var store = this.datastore;
    if (typeof timeout === 'undefined'){
      timeout = 0;
    store[key] = value;
    if (timeout){
        delete store[key];
      }, timeout);
  remove: function(key){
    delete this.datastore[key];
  clear: function(){
    this.datastore = {};

There you go.

How does this help with GAE applications?

App Engine doesn’t use a conventional RDBMS to store data.  GAE uses a distributed key-value data store, where every object stored in the database is assigned a unique key that looks something like this:


This key is guaranteed to start with an alphabet, which implies you can use it as an identifier for a DOM element. Attaching behaviors to such DOM elements that fetch corresponding data then becomes as easy as doing this (example uses jQuery):

jQuery('ul#people > li').click(function(e){
  var key = jQuery(this).attr('id');
  get_person(key, function(person){

Hope that helps clear out some air.  It should be noted that if you’re adding li elements dynamically to the ul#people unordered list, the above event handler will not be called for them.  Instead of using jQuery(…).click(handler), you should consider using jQuery(…).live(‘click’, handler).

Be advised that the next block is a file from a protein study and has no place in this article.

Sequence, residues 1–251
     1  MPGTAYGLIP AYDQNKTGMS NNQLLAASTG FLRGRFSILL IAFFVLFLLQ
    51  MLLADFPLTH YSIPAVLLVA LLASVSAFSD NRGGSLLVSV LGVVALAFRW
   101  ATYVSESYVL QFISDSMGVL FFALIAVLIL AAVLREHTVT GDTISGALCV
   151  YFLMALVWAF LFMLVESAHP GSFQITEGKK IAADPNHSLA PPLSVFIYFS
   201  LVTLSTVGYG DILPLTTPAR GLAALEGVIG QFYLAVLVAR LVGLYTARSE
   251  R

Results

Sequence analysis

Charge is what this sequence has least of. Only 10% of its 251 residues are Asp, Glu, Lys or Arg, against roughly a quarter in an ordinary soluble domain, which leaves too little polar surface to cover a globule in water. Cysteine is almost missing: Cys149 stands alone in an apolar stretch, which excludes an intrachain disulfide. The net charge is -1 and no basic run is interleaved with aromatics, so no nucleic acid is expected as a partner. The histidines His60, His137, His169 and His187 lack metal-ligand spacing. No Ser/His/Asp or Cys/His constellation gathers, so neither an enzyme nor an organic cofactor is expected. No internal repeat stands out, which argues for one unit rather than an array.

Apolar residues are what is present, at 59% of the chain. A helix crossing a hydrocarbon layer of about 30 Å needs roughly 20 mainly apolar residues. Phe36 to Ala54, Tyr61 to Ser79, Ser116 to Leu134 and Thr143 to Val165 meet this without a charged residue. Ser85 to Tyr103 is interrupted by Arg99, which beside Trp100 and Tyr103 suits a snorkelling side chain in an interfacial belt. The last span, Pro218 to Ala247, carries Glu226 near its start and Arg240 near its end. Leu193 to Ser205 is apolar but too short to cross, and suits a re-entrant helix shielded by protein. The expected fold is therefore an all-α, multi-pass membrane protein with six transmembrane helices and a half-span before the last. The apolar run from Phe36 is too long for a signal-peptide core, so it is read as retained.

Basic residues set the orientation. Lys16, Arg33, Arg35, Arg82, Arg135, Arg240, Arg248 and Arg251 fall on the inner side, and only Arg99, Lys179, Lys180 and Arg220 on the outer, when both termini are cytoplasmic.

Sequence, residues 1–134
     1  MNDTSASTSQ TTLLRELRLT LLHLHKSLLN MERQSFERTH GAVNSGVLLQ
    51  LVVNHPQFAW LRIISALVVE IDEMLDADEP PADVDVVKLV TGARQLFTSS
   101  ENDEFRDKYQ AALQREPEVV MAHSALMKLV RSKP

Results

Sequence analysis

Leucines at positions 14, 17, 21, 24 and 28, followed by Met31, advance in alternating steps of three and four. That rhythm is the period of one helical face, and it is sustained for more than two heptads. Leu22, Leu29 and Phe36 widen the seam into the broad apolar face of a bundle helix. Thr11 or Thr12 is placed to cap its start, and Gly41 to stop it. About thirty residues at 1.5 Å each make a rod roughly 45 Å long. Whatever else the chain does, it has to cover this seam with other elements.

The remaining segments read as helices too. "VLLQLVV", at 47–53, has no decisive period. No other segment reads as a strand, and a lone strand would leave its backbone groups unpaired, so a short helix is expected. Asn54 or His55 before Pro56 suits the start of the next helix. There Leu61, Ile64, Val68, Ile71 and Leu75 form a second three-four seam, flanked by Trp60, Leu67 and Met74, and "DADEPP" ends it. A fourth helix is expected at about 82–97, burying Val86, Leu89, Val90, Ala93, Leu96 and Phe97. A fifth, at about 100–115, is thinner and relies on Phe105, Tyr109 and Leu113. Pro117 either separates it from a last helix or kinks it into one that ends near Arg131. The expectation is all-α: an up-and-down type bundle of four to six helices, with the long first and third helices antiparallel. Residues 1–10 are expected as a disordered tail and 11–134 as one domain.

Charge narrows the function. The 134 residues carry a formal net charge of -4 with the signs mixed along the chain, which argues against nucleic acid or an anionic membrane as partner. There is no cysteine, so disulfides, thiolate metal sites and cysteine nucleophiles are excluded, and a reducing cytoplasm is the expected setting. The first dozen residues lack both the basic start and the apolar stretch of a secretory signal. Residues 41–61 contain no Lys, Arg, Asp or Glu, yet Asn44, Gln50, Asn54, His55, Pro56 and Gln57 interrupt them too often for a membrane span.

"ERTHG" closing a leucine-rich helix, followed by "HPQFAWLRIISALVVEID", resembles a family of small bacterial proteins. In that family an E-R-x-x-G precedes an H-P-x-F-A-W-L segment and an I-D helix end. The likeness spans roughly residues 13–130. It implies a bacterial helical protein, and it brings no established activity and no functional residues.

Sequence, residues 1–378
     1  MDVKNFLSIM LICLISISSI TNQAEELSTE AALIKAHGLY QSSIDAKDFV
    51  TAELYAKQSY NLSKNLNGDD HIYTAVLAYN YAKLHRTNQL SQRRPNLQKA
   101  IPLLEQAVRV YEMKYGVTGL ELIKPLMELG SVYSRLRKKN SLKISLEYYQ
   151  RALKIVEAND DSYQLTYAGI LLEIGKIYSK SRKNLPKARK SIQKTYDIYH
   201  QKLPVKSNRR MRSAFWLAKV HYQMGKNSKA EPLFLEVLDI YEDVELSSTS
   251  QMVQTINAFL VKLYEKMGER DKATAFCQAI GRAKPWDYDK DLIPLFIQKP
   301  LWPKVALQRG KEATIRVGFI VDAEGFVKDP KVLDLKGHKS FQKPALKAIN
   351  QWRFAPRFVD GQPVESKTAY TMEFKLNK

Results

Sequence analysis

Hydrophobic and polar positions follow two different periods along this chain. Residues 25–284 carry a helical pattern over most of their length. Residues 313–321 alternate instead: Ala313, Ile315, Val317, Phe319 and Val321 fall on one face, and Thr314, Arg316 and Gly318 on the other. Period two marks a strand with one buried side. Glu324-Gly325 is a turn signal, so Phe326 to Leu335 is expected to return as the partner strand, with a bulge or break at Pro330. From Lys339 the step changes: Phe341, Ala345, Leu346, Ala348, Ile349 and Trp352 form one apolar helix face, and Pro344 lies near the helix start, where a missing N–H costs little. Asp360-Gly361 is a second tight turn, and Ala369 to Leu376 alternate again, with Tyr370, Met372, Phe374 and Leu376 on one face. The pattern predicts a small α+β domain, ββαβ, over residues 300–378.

Implementing a Pythonic range() function in JavaScript.

Creating a JavaScript array of say, years 2009 to 2050, can be naively done as follows:

var years = [2009, 2010, 2011, 2012, ... 2050];

If you’re lazier (and I don’t mean that’s a bad thing; Perl aficionados admire the virtue of being lazy), you’d do something along the lines of:

var years = [];
for (var year = 2009; year < 2051; year++){